Third Place: Nissan Rogue SL AWD
Truth is, there's no econo-ute that reliably twists your lips into a smile whenever you happen upon a stretch of Nrburgring-like tarmac. But the Sentra-based Nissan Rogue at least comes closest.
The Rogue emerged as the sports car of the group, posting the quickest sprints to 60 and 100 mph and logging the briefest quarter-mile, backed by the highest trap speed. It was tied with the Toyota for best 50-to-70-mph passing potential. It was tied with the Mitsubishi for greatest top speed. It delivered the best brake feel. And no other test ute surpassed its skidpad grip.
Everywhere we nosed it, the Rogue felt light, nimble, and better planted than anything in the group, and its steering was the most carlike, with terrific on-center feel, perfect heft, and a sense of straight-ahead matched only by the Toyota's. That the Nissan topped our fun-to-drive category surprised no one -- and all for the lowest base price.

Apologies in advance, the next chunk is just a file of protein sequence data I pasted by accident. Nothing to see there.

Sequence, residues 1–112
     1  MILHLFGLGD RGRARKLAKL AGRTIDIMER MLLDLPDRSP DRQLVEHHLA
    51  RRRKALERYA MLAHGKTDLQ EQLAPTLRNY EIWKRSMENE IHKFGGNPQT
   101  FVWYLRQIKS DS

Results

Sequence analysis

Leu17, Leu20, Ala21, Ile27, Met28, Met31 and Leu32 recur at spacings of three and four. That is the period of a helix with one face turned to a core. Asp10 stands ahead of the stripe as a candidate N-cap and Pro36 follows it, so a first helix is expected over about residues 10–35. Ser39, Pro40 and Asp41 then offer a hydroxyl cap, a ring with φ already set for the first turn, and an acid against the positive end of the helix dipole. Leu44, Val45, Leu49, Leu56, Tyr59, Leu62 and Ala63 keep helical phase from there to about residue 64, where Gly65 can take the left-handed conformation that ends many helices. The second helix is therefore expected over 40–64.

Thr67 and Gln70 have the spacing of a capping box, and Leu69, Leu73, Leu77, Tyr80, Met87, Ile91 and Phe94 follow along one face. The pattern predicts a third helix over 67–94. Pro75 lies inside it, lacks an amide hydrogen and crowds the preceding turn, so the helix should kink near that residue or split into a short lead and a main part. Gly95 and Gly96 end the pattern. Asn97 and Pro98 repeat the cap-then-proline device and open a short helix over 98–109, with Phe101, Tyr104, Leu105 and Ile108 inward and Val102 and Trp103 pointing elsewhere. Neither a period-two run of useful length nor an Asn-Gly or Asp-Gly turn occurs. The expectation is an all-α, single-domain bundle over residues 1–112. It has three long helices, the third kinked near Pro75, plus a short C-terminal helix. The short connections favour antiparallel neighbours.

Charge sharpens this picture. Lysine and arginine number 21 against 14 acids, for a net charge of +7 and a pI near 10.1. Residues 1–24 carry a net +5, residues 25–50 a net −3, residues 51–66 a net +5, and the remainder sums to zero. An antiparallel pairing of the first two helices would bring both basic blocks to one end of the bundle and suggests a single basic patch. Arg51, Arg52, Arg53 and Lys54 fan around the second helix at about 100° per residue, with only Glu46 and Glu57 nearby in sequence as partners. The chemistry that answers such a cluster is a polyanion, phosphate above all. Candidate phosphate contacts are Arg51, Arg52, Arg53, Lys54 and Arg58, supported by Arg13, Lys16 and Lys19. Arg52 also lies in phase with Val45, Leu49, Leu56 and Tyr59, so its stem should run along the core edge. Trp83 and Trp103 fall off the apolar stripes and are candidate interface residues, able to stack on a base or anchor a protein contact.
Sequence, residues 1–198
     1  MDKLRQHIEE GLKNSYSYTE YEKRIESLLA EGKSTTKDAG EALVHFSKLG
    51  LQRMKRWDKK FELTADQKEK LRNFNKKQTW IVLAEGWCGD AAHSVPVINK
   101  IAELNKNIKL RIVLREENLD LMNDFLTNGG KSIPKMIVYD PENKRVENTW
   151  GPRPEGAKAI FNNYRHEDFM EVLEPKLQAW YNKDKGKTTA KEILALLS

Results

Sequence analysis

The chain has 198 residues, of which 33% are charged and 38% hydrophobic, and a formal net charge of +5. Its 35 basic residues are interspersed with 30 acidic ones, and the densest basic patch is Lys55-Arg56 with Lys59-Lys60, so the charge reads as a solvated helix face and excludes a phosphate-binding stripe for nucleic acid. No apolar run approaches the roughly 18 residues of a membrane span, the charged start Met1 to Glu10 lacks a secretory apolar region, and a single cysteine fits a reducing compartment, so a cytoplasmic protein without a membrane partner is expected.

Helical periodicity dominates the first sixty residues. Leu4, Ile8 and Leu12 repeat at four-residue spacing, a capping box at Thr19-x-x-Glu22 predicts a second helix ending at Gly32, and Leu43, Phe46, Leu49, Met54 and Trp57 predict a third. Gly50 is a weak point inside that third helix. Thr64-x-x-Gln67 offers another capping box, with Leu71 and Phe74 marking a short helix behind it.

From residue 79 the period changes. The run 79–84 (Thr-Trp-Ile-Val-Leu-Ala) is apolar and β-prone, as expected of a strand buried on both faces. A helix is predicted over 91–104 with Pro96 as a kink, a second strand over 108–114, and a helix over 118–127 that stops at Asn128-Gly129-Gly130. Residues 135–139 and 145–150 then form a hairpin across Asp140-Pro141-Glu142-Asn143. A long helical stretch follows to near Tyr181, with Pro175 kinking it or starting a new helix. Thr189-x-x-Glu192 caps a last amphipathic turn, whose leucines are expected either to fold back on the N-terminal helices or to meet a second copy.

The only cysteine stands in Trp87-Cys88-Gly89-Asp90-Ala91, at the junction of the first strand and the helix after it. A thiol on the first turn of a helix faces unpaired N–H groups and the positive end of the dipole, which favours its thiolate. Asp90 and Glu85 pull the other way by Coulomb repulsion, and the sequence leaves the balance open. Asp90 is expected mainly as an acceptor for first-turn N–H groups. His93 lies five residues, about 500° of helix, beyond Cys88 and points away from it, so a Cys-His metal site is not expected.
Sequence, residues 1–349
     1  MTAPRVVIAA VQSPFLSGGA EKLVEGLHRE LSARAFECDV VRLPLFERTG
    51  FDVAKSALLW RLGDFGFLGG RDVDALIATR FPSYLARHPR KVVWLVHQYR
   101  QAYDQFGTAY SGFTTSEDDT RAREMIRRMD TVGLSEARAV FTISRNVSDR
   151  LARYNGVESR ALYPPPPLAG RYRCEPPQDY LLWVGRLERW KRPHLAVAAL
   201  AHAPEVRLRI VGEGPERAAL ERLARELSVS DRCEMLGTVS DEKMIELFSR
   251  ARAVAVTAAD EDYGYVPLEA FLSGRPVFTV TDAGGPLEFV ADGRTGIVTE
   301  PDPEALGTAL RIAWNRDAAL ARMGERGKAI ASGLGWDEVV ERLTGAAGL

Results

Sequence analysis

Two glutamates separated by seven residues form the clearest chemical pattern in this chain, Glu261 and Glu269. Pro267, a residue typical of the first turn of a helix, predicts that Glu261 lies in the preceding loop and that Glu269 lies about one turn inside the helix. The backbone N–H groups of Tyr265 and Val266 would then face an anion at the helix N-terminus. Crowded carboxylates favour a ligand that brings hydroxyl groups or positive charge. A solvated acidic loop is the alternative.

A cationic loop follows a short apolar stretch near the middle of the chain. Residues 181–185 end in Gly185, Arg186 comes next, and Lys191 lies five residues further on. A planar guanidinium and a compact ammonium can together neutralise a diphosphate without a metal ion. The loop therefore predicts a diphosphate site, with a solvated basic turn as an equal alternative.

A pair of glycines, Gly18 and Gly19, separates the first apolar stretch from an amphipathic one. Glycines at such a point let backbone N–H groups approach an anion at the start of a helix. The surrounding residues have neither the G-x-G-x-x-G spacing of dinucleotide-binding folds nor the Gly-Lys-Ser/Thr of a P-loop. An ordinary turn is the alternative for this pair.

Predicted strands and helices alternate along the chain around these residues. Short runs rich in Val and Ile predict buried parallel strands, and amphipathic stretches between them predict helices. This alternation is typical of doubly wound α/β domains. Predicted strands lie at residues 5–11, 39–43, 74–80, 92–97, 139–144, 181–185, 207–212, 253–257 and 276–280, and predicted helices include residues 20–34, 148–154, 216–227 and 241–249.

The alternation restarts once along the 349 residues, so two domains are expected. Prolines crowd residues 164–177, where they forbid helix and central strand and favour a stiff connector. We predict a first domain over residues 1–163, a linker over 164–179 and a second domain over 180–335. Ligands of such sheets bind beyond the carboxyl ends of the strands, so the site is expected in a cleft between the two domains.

So, uh, shouldn't the performance-biased player win a C/D comparo? Well, not this time. The Rogue's mandatory CVT powertrain is loud at WOT, where it drones for seconds at a time if your right foot is heavy. Strangely, it makes up for that failing by being the quietest at 70 mph, and its 170-horse four-banger was judged as vibrationless as the Honda's and Toyota's.
But the Rogue's funereal gray and black interior was a Brian De Palma dream come true, and its thick D-pillar and tiny backlight darkened the cabin and restricted visibility. Off-road, moreover, the Nissan felt as out of place as the Mitsubishi, wanting to sprint ahead rather than crawl. Still, its front and rear axles can be locked in a 50/50 power split at launch, and the Rogue concluded our nature bash muddied but not bloodied.
The Nissan is as narrow as any of its colleagues here and lower than any of them. It weighs within 54 pounds of the lightest. And it eschews a big-horsepower V-6 in favor of an inline-four. Yet it gets the job done with speed and panache. Saturn, Jeep, Ford -- are you listening?
Second Place: Honda CR-V EX 4WD